Conclusions and Speculation

Aging is an  evolved, genetically programmed, characteristic which has the following "species" beneficial effects by virtue of promoting the evolution of other individually beneficial characteristics:

Aging would tend to be more necessary in species which are rapidly evolving because it enhances evolution rate.

Aging would be more necessary in more complex organisms which otherwise have lower evolution rates.

Aging would be more necessary in more intelligent species because of the otherwise adverse evolutionary effects of experience.

Aging seems to be a member of a family of closely interrelated life cycle characteristics which need to work together to maintain optimum evolution rate for a species.

The most significant parameters of an aging mechanism are: age of onset of aging related symptoms, and aggressiveness or rate at which aging proceeds once onset age has passed. 

Aging (like other life cycle characteristics) needs to be among the most “adjustable” of evolved characteristics.  Aging characteristics vary dramatically between even closely related species (eg various varieties of salmon). 

All of the life cycle characteristics involve “biological clocks”.

All of the other life cycle characteristics involve hormones.

In the same species there are apparent relationships between sexual/reproductive activity and aging.  

In the same species there are apparent relationships between external conditions such as the availability of food and prevalence of predators and aging.

So an obvious inference is that aging is very likely to be mediated by hormones.  (Are there any other biological functions involving biological clocks and multiple tissue types that do not involve hormones?)  

Is it possible that there are aging and/or anti-aging hormones that have yet to be discovered?  Human hormones are still being discovered.  The most recent of about 50 known human hormones (ghrelin) was discovered in 1999.

The levels of many hormones are known to vary with age. 

Aging is most likely to be mediated by a complex combination of hormones (possibly including currently unknown hormones).  Hormones associated with reproduction are likely to be involved because of the observed relationships between reproduction and aging.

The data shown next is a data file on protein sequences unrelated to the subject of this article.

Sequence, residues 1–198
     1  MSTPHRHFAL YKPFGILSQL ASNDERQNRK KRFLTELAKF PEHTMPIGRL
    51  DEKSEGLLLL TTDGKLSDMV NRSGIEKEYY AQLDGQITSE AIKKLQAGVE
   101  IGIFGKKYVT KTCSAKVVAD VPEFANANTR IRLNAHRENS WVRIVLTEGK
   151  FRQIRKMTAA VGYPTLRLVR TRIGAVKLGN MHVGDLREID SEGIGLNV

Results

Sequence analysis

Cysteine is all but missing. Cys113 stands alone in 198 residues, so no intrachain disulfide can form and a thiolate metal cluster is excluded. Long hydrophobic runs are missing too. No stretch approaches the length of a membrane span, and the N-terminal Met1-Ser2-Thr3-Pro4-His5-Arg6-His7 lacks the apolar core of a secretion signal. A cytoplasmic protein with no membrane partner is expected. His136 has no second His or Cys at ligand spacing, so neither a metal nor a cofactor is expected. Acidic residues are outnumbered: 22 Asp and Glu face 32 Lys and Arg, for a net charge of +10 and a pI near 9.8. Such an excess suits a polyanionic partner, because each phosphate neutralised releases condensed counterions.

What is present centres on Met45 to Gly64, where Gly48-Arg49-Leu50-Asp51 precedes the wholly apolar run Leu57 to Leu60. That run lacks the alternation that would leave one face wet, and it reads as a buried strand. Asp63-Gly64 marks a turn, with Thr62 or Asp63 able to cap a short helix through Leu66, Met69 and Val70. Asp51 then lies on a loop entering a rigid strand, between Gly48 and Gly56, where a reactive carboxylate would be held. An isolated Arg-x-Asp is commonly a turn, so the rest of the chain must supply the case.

Based on the effects of progeria, (accelerated incidence of diseases),  it appears that some heart disease, some cancers, and many other age-related conditions would be delayed or ameliorated by a treatment which delayed the onset age or reduced the aggressiveness of the aging mechanism.  Other age-related conditions (possibly including some cancers) will be found to be independent of the aging mechanism and therefore not affected by such a treatment.  Some cancer rates could actually be increased by an anti-aging treatment which extended cell reproduction.

Research towards treatment of aging and aging related conditions is obviously heavily influenced by the perceived "cause" of aging.  Researchers of the evolved school will be looking at genes, hormones, and other elements of typical evolved biological mechanisms (e.g. How does CR affect hormone levels and gene expression?).  Researchers of the non-evolved school (currently substantially in the majority) will be looking for much more direct effects (e.g. How does CR affect free radicals?).

People belonging to the non-evolved school tend to be very pessimistic about the prospects for major anti-aging treatments.  Aging is, after all, a problem which 3.5 billion years of evolution has been unable to solve.  Aging is an "inescapable biological reality".   

The majority of researchers and health professionals have been taught that the non-evolved theories are "generally accepted" and are not aware that there are significant alternative theories or that none of the "generally accepted" theories have been proved.

The public also generally sees aging as approximately as immutable as the restriction on travel faster than light.  Research on fundamental causes of aging is therefore often seen as about as useful as study regarding how many angels can fit on the head of a pin, a foolish endeavor, a "search for the fountain of youth".  This view is reinforced by public pronouncements from the non-evolved school such as the recent article in Scientific American (See Reading - Olshansky).